2017

Tribeca Film Festival Review: Drew Xanthopoulos’ ‘The Sensitives’

We are all sensitive, and the world is not kind to sensitive people. It honks in our ears, blows exhaust in our faces and can often make us feel sad or scared for no good reason. The subjects of Drew Xanthopoulos’ intimate documentary, The Sensitives, are all ailing from a particular kind of condition created and confirmed by the cruelties of such a world: a hypersensitivity to cellular signals, chemical products and electricity. This means the cell phones, light switches and laptops most of us perceive to be commonplace are, to them, debilitating and even deadly. If exposed to such modern technologies, their bodies will fail and Xanthopoulos’ emphatic film is willing to show it.

Joe was a regular dad. He appears in a 90s home video wearing shorts and a t-shirt. Now, he spends his days and night in an empty room wallpapered with aluminum foil. One night, Joe has trouble sleeping because he “felt electric.” When his daughter comes to visit, he makes her change clothes because her sweatshirt is too fragrant. Joe wouldn’t survive were it not for his wife, Lanie. She cooks his meals, calls his doctors and keeps his vitamins stocked and ready, even when the house is dark because Joe insists on keeping the lights off. As Lanie navigates her own home with a cave dweller’s headlamp, The Sensitives raises an important question: are loved ones nurturing or enabling?

Karen lives in isolation with her two adults sons who spend their days lying side-by-side on a mattress. The only time they get off their bed-fort is when their 96-year-old grandmother arrives with groceries. They can’t touch her or hug her, but they speak to her lovingly through the plastic that covers their windows. Karen and her sons are suffering from chemical and electrical sensitivities. Like Joe, their cloistered rituals sometimes verge on paranoia. They read letters through plastic sleeves. They cover their furniture in garbage bags. They rarely, if ever, leave the house. It’s only natural to wonder if this is all in their heads.

Susie’s goals as a victim of sensitivity are the most philanthropic. She takes calls from distressed sensitives at her secluded home in Arizona, and while she can’t always help, she can provide a compassionate ear. She’s also the most willing to communicate with official organizations and media outlets, as she hopes to spread awareness of the disease and draw attention to its need for treatments. But as director Xanthopoulos wisely shows, her disease is as difficult for any outsider to understand, with the symptoms appearing like frustrating whims. When a polite radio producer arrives at Susie’s home, she is quickly informed that she smells like smoke. When they go outside, Susie still smells smoke.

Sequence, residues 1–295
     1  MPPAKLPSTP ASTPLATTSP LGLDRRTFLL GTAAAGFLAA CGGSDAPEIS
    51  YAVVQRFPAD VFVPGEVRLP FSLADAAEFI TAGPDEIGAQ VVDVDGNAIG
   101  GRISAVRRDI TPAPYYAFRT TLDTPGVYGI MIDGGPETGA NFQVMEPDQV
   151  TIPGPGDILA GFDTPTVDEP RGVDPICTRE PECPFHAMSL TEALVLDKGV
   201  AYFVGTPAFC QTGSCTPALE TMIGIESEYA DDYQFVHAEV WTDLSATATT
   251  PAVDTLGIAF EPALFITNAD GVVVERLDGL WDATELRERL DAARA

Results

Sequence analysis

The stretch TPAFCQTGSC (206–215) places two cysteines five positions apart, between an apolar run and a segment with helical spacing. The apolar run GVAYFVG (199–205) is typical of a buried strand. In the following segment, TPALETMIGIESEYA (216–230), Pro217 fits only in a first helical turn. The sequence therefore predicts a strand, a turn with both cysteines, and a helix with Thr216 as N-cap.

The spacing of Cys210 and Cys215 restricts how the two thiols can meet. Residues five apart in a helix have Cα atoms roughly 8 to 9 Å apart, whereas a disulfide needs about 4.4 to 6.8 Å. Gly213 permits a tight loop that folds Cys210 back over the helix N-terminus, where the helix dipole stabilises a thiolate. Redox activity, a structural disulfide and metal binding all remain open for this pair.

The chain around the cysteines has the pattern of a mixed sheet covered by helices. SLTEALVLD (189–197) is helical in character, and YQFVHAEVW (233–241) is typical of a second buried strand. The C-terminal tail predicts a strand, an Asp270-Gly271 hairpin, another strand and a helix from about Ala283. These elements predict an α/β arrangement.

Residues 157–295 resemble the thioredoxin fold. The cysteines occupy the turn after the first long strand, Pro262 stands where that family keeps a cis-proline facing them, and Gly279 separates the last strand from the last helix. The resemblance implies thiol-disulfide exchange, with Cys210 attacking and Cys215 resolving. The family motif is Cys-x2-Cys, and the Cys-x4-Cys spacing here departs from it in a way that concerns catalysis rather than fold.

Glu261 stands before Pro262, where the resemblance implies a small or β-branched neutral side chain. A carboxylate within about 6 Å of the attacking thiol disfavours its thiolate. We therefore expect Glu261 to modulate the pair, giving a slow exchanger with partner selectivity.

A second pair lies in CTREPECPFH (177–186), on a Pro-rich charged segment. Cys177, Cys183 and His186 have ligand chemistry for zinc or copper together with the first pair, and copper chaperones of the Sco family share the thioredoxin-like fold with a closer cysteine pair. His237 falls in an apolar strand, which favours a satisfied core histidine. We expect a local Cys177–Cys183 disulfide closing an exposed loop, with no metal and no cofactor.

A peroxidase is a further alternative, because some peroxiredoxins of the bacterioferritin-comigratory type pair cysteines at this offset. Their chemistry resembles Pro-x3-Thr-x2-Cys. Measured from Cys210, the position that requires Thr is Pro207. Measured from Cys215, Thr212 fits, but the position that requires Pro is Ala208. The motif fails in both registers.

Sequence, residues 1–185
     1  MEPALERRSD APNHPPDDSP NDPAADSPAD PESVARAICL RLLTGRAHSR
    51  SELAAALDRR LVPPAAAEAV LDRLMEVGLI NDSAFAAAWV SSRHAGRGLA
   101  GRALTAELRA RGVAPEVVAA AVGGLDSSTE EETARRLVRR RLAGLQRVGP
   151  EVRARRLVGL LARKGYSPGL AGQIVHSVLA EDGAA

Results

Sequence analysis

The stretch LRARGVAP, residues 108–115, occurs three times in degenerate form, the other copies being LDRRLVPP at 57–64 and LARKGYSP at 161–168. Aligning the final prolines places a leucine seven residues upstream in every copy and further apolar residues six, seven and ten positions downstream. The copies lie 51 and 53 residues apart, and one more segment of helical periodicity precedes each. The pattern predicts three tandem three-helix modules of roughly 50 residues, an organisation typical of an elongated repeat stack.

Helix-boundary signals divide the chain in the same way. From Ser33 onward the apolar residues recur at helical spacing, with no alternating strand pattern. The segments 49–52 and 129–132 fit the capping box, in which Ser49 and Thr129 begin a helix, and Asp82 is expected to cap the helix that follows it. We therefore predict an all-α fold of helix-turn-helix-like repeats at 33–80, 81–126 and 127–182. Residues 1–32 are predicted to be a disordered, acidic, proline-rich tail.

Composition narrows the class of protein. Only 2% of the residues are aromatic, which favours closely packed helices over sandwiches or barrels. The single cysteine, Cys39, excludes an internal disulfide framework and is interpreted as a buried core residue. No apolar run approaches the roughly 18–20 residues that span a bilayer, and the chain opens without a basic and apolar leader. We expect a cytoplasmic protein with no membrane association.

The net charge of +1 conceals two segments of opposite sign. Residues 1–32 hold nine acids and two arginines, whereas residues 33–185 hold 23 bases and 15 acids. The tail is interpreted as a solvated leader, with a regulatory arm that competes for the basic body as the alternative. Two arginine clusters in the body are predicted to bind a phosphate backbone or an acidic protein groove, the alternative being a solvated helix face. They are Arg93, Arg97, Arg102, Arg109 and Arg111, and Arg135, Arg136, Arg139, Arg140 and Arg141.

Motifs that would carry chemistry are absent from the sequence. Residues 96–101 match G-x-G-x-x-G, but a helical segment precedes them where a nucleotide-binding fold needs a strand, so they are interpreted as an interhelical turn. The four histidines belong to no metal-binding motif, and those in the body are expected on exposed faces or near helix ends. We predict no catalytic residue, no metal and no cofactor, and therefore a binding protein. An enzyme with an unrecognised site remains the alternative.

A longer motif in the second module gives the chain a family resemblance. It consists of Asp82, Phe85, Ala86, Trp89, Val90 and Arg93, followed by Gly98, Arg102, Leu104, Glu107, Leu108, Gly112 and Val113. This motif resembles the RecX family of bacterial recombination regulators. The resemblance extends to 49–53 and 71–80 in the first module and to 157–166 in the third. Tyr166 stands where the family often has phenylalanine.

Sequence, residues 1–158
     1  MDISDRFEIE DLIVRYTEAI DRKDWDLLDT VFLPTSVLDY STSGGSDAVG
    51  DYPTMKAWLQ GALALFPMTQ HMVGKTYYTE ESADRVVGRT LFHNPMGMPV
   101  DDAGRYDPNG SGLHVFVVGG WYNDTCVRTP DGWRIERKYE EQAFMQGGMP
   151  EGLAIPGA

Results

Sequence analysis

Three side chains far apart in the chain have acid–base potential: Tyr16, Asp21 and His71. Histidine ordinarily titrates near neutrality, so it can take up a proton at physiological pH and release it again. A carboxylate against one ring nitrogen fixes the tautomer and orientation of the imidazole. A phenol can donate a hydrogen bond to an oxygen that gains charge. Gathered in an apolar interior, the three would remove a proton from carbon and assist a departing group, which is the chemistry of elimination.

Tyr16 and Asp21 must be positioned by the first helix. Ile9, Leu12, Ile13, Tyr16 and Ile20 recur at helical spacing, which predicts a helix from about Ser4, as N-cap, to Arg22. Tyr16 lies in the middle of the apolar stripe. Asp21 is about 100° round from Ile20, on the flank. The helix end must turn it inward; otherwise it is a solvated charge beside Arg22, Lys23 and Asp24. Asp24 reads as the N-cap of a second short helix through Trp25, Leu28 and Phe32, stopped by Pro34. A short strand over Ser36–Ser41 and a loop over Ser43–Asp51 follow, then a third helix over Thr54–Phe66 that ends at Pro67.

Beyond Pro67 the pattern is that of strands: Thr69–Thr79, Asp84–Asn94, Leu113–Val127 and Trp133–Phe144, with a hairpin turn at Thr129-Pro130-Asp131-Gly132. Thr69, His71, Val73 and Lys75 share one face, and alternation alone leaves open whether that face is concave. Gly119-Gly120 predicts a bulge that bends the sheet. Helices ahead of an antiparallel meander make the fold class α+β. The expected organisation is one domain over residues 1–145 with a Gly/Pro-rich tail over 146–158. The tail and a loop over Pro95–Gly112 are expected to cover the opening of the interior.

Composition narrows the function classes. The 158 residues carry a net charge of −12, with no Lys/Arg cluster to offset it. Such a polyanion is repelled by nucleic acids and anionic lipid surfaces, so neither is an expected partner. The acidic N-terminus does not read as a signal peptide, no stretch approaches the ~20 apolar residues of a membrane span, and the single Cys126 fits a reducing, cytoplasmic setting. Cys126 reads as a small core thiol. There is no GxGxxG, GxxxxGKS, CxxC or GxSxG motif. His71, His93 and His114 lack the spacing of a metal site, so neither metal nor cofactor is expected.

What Joe, Susie, Karen and her sons have in common is isolation. One of the hardest parts of suffering, the film seems to say, is the imposition of loneliness. The pain it entails isn’t so bad as the distance it creates between the sufferer and their loved ones.

Members of the medical industry were not featured in The Sensitives, and this could be seen as one of the film’s flaws. The sensitives’ lives are largely monotonous and hermetic, so the inclusion of outside perspectives might have offered insight and sped along the slow parts. Yet the slow parts become necessary when you realize that Xanthopoulos isn’t trying to make an exposé or a 20/20 special. He’s making a portrait — a highly personal one — and his patient, impressionistic aesthetic makes him the kind of non-judgmental, anti-exploitative documentarian we need.

Xanthopoulos’ choice not to include official doctor opinions also validates and intensifies the reality of his subjects’ first-person accounts. This is not a documentary about whether or not the disease is real. Like SAFE (1995), its narrative predecessor, the film is focused on how the disease morphs the lives of those affected and their loved ones.

The Sensitives is a gentle and affecting window into the isolated prison cell that becomes a sensitive person’s life. It captures, above all, the fear that Joe, Lanie, Susie, Karen and her sons live with every day. “The unknown is so hard,” Joe says to Lanie, and she can only stand by and agree. It’s normal to want life to hurt less. We can only hope our solutions don’t bring others down with us.

Erica Peplin (@ericapeplin) is a writer and editor for Spectrum Culture. She lives in New York.

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